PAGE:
Once a product is developed and the manufacturing system is designed, it must be implemented, a task often more easily discussed than carried out. IF the system design function was done thoroughly, it will have rendered an implementation plan which will guide activities during implementation. Nonetheless, there will inevitably be changes needed. Decisions will have to be made throughout this implementation period about tradeoffs. For example, the cost of the originally planned conveyor belt may have risen. This change will make it necessary to consider changing the specified conveyor belt for another model. This, of course, will impact upon other systems linked to the conveyor belt and the full implications of all these changes will have to be assessed and compared to the cost of the price increase on the original conveyor belt.
Planning and Forecasting
Running an efficient production system requires a great deal of planning. Long-range decisions could include the number of facilities required to meet customer needs or studying how technological change might affect the methods used to produce services and goods. The time horizon for long-term planning varies with the industry and is dependent on both complexity and size of proposed changes. Typically, however, long-term planning may involve determining work force size, developing training programs, working with suppliers to improve product quality and improve delivery systems, and determining the amount of material to order on an aggregate basis. Short-term scheduling, on the other hand, is concerned with production planning for specific job orders (who will do the work, what equipment will be used, which materials will be consumed, when the work will begin and end, and what mode of transportation will be used to deliver the product when the order is completed).
Managing the System
Managing the system involves working with people to encourage participation and improve organizational performance. Participative management and teamwork are an essential part of successful operations, as are leadership, training, and culture. In addition, material management and quality are two key areas of concern.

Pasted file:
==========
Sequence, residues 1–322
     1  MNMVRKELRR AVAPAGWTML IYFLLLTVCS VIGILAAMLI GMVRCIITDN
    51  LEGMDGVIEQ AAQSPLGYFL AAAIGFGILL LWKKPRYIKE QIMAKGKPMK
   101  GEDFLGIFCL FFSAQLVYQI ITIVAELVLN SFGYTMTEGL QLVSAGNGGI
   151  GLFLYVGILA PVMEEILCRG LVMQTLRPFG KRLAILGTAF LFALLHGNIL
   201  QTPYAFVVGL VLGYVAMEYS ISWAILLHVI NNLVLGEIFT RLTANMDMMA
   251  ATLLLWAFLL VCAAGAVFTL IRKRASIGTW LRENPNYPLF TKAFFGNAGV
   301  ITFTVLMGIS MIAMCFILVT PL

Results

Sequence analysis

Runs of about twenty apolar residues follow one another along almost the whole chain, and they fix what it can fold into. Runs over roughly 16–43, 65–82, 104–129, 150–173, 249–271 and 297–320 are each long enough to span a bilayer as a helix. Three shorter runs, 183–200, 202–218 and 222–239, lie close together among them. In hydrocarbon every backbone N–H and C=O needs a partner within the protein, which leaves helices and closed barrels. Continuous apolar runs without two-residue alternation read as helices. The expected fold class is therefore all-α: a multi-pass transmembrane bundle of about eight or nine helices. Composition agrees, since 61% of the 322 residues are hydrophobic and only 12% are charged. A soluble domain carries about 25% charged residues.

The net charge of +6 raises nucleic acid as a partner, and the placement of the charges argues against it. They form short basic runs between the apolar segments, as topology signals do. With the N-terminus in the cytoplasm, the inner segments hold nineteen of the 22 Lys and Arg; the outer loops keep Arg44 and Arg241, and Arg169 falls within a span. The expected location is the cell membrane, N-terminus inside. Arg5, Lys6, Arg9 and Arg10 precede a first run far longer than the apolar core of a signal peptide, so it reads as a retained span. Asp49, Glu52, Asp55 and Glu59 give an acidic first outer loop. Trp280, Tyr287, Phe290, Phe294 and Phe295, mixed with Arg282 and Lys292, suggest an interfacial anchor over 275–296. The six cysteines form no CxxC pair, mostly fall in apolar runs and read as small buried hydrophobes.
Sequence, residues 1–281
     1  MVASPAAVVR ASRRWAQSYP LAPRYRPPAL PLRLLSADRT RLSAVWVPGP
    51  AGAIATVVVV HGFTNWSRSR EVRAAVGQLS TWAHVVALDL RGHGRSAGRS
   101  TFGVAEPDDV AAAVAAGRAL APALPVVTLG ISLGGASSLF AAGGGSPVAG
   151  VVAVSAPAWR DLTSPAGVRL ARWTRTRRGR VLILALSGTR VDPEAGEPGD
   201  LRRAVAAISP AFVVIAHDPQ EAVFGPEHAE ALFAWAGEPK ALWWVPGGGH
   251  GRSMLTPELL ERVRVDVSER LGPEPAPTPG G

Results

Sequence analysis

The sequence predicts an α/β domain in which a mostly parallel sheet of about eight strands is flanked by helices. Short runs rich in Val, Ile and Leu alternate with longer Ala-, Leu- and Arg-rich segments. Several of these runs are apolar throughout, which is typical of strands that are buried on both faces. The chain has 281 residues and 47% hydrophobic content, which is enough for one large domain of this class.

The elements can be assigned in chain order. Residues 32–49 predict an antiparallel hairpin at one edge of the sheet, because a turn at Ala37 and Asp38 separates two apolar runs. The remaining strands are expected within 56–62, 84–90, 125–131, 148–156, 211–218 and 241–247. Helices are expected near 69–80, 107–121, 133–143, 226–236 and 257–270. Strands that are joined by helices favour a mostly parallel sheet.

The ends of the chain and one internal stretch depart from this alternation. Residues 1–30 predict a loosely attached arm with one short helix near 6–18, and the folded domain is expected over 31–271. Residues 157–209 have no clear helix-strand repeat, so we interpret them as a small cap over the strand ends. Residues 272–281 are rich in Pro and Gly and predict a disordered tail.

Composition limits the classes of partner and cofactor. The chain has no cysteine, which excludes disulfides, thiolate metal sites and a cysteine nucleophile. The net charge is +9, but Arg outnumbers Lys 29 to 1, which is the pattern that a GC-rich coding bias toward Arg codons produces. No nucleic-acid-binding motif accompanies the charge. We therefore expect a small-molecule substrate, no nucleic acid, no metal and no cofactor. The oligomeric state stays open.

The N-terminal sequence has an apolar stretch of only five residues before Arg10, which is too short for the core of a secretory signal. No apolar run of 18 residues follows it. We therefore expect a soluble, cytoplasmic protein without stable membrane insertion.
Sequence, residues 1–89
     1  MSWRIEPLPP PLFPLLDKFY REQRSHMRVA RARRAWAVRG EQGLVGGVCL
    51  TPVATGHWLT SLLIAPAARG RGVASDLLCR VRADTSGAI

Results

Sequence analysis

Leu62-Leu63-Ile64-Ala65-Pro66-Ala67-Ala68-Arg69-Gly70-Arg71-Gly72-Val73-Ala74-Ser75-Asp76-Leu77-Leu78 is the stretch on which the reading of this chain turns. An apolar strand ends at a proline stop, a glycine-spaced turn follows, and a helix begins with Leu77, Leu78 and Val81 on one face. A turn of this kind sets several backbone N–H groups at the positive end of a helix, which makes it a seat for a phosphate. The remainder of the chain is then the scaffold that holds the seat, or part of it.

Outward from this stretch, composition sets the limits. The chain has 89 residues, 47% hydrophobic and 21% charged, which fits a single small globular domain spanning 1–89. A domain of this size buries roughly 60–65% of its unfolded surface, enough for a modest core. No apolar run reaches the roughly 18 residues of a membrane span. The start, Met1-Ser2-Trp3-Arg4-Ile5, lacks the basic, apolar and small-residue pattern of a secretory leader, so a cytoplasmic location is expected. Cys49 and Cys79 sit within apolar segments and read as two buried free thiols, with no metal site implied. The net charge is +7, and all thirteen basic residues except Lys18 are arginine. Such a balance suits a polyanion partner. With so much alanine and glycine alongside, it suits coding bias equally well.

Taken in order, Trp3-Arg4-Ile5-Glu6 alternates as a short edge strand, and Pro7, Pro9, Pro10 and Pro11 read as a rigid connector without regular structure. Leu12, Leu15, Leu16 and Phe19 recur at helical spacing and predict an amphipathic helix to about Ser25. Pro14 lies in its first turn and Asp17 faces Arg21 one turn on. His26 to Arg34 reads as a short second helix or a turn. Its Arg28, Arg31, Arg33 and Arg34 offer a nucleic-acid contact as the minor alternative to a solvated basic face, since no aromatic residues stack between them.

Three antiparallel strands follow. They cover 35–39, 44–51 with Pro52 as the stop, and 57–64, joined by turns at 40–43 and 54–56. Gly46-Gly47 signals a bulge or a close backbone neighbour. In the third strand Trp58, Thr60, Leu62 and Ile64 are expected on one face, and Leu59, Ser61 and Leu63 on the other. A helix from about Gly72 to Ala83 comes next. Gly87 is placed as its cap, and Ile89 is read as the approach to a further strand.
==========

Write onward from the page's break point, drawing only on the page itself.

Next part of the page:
Material management includes decisions regarding the procurement, control, handling, storage, and distribution of materials. Material management is becoming more important because, in many organizations, the costs of purchased materials comprise more than 50 percent of the total production cost. Questions regarding quantities and timing of material orders need to be addressed here as well when companies weigh the qualities of various suppliers.
BUILDING SUCCESS WITH OPERATIONS
To understand operations and how they contribute to the success of an organization, it is important to understand the strategic nature of operations, the value-added nature of operations, the impact technology can have on performance, and the globally competitive marketplace.
Efficient organization operations are a vital tool in achieving competitive advantage in the daily contest for customers/clients. What factors influence buying decisions for these entities? For most services and goods, price, quality, product performance and features, product variety, and availability of the product are critical. All these factors are substantially influenced by actions taken in operations. For example, when productivity increases, product costs decline and product price can be reduced. Similarly, as better production methods are developed, quality and variety may increase.
By linking operations and operating strategies with the overall strategy of the organization (including engineering, financial, marketing, and information system strategy) synergy can result. Operations become a positive factor when facilities, equipment, and employee training are viewed as a means to achieve organizational objectives, rather than as narrowly focused departmental objectives. In recognition of this evolving viewpoint, the criteria for judging operations are changing from cost control (a narrowly defined operating objective) to global performance measurements in such areas as product performance and variety, product quality, delivery time, customer service, and operational flexibility.
In today's business environment, a key component of operational flexibility in many industries is technological knowledge. Advances in technology make it possible to build better products using fewer resources. As technology fundamentally changes a product, its performance and quality often increases dramatically, making it a more highly valued commodity in the marketplace. But the growth in high-tech business applications has created new competitors as well, making it important for businesses to try to register advantages in any and all areas of operations management.
Over time, operations management has grown in scope and increased in importance. Today, it has elements that are strategic, it relies on behavioral and engineering concepts, and it utilizes management science/operations research tools and techniques for systematic decision-making and problem-solving. As operations management continues to develop, it will increasingly interact with other functional areas within the organization to develop integrated answers to complex interdisciplinary problems. Indeed, such interaction is widely regarded as essential to long-term business success for small business establishments and multinational corporations alike.
Dyson, Robert G. "Strategy, Performance and Operational Research." Journal of the Operational Research Society. January 2000.